For one month in 1768, Bo’ness was the Silicon Valley of its time, the centre of the universe.
Industrial espionage was also to the fore, as spies tried to discover the secrets James Watt was working on in a cottage in the grounds of Kinneil House.
Their ploys were foiled, however, and history would go on to record James Watt as being the man who powered the industrial revolution – thanks to the work he did right here on our doorstep.
For it was in the cottage built for him by Dr John Roebuck, the Carron Ironworks founder, that in the space of one industrious month in 1768 Watt perfected improvements to the 1712 Newcomen steam engine.
The patent was secured 250 years ago, in Januay 1769 – sadly, too late to save Roebuck from bankruptcy.
Indeed, James Watt also had to take on additional work here in Scotland, as he initially failed to commercialise his invention.
In 1771, that saw him doing surveyance work on the doomed Bo’ness Canal.
This wee gem, and many others, will be recounted at Bo’ness Library tomorrow (Friday, August 23), when a special film will be screened.
James Watt and the Falkirk Area has been a labour of love for Geoff Bailey, Falkirk Communnity Trust’s heritage engagement officer and Naomi Kenny, the Trust’s equalities and facilities librarian.
They started filming the video in June at four locations vital to the local James Watt story.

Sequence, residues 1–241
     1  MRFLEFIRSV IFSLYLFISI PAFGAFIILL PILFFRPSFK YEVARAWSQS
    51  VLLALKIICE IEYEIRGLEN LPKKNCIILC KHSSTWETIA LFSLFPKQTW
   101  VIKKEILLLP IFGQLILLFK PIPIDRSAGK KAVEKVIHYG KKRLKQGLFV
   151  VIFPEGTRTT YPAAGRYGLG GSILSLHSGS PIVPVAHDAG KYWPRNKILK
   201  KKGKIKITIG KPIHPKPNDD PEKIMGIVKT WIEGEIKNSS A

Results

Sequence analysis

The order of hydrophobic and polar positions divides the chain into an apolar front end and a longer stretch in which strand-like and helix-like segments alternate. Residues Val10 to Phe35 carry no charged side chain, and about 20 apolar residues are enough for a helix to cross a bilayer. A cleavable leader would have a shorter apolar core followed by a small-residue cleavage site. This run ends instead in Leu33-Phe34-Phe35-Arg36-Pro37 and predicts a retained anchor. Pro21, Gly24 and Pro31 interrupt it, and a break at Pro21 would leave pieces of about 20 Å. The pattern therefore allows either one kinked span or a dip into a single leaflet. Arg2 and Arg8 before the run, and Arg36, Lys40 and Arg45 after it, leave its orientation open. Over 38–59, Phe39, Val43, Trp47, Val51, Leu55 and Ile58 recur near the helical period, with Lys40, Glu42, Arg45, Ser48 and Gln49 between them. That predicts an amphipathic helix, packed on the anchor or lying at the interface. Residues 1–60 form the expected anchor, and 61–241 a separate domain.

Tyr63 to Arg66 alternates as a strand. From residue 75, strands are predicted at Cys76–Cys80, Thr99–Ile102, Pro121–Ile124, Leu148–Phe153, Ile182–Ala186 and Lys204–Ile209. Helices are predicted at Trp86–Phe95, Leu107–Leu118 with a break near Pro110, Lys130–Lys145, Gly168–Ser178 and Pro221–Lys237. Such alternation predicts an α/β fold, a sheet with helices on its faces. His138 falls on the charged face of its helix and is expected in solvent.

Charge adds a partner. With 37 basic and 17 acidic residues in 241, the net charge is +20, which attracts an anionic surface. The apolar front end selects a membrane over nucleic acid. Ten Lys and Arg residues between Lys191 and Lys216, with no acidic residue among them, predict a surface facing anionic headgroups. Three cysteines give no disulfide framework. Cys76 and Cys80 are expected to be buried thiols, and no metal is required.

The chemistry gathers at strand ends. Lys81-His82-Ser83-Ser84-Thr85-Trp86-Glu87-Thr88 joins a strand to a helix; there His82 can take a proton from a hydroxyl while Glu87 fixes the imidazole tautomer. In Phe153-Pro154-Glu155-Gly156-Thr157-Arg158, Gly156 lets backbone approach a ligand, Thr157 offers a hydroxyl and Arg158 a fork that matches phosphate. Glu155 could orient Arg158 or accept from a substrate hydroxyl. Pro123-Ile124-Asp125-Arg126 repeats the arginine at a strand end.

Last Friday, Andrew Carnegie’s biography of Watt – borrowed from Falkirk Library – was being used to add the finishing touches to the film at Callendar House.
Geoff said: “It will be 200 years since Watt’s death on August 25 but people still come to the cottage at Kinneil to see where he perfected the patent for his steam engine improvements.
“It is also 100 years since Andrew Carnegie died so we wanted to mark that by including his biography within the film.”
Watt’s story still intrigues; little wonder as he developed the concept of horsepower and the SI unit of power, the Watt, was named after him. So even 200 years after his death, he can still be deemed a household name!
But it is his story here in the Falkirk district which Geoff and Naomi have turned the lens on for their latest movie production.
It saw them filming at the cottage Watt used as his workshop on Kinneil Estate, John Roebuck’s grave in Carriden Parsish Churchyard, Carron Ironworks and the bridge over the River Avon on Bo’ness Road, Grangemouth.
Geoff said: “The film is used to show the local connections to Watt and how, for a few weeks in 1768, Bo’ness was the centre of the universe; our very own Silicon Valley.
“There were people here trying to spy on James Watt but they came away with the wrong idea so, when they tried to patent it, it proved to be a dead end.
“The film focuses on the cottage where Watt worked.
“He lived in the big hoose but the cottage is where he did all his work and the two windows within it caught the morning sun. Poetically, it later became a washhouse.
“We also travel to the ironworks where one of his early cylinders was forged.